43.  As the appellant is a Nigerian citizen, who graduated as a medical doctor (with distinction) from the University of Ibadan in 1988, the difference between the 2005 Statement and the 2006 Statement is crucial. The factual background, the procedural history, the relevant statutory provisions, and the relevant parts of the immigration rules and of the 2005 and 2006 Statements are more fully set out in the opinion of my noble and learned friend, Lord Brown of Eaton-under-Heywood, which I have had the privilege of seeing in draft.

44.  The appellant’s case is that, because the rules as amended by the 2005 Statement were in force when she made her application, it should have been considered on the footing of the rules as amended by that Statement, and not as amended by the subsequent 2006 Statement. The Secretary of State, however, applied the rules as they existed as at the date of her decision, and that approach was upheld by the Asylum and Immigration Tribunal (HR/ 00295/ 2006) and by the Court of Appeal ([2008] EWCA Civ 308). That approach is challenged on the ground that the 2006 Statement is silent on the question of whether it is to apply to applications which had already been made when it came into force, and, in those circumstances, the presumption against retrospectivity means that it did not extend to the appellant’s application. The presumption is said to apply on two alternative grounds. The first is section 16(1)(c) of the Interpretation Act 1978, and the second the common law presumption against retrospectivity.

45.  Section 16(1)(c) of the 1978 Act applies to “an Act” and “an enactment". However, through section 23(1), it also applies to “subordinate legislation", which extends, by virtue of section 21(1), to “orders, rules, regulations …. and other instruments made … under any Act". In my opinion, although referred to in the Immigration Act 1971, and potentially subject to control by the legislature under that Act, the immigration rules were not “made … under [an] Act". In the 1971 Act, section 1(4) refers to immigration rules being laid down by the Secretary of State, and section 3(2) sets out the procedure for laying before Parliament statements of those rules and of any changes thereto. However, neither section purports to be the source of the power to make such rules. The definition of “immigration rules” in section 33(1) of the 1971 Act takes matters no further: it refers back to section 3(2), and makes it clear that any reference to the rules is to the rules “for the time being".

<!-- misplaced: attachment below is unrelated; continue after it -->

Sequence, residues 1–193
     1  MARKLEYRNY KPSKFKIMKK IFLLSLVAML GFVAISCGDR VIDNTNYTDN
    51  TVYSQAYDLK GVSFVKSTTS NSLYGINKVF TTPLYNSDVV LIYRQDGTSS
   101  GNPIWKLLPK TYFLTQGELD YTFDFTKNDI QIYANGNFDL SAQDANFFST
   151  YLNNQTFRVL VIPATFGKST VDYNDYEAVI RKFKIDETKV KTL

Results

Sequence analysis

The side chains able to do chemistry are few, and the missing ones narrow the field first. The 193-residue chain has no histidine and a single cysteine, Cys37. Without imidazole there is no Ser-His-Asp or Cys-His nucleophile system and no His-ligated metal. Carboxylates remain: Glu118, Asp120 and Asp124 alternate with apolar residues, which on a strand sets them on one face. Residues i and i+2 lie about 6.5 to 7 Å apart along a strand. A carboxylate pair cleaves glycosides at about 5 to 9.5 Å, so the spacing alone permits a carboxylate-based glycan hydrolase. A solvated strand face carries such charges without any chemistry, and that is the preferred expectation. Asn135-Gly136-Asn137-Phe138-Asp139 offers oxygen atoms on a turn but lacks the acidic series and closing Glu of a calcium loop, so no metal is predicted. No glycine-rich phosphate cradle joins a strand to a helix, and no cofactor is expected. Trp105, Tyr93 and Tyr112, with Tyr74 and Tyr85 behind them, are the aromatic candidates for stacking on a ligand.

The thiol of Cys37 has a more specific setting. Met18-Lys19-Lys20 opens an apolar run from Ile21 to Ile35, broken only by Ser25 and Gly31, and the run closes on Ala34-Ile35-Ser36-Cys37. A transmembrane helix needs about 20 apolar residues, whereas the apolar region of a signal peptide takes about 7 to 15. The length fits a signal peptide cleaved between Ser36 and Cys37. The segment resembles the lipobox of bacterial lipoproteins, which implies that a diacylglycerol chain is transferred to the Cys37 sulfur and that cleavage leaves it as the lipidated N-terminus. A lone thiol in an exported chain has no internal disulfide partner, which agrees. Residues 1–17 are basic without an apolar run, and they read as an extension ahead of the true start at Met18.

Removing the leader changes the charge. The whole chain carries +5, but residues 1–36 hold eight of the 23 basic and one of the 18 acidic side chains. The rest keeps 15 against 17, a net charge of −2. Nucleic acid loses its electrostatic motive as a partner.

46.  As Ms Laing QC, for the Secretary of State, points out, the view that the rules are not made under any enactment is consistent with the statutory history. From the Aliens Act 1905 up to and including the Commonwealth Immigrants Act 1968, the immigration statutes contained no reference to any rules. The first time the immigration rules were mentioned in any statute was in the Immigration Appeals Act 1969, whose section 24(1) was not dissimilar for present purposes from section 1(4) of the 1971 Act. However, it is clear that such rules had existed long before that Act. That tends to support the view that the rules are non-statutory in origin. The view is also consistent with legislation subsequent to 1971. In particular, the Nationality, Immigration and Asylum Act 2002, which introduced new provisions for appeals (applicable in this case), adopts the same definition of immigration rules as the 1971 Act.

47.  In these circumstances, the Secretary of State’s decision in this case cannot, in my view, be impugned on the ground that it was based on an interpretation of the immigration rules which conflicted with section 16(1)(c) of the 1978 Act. Despite its wide words, section 21(1) of that Act does not apply to the immigration rules.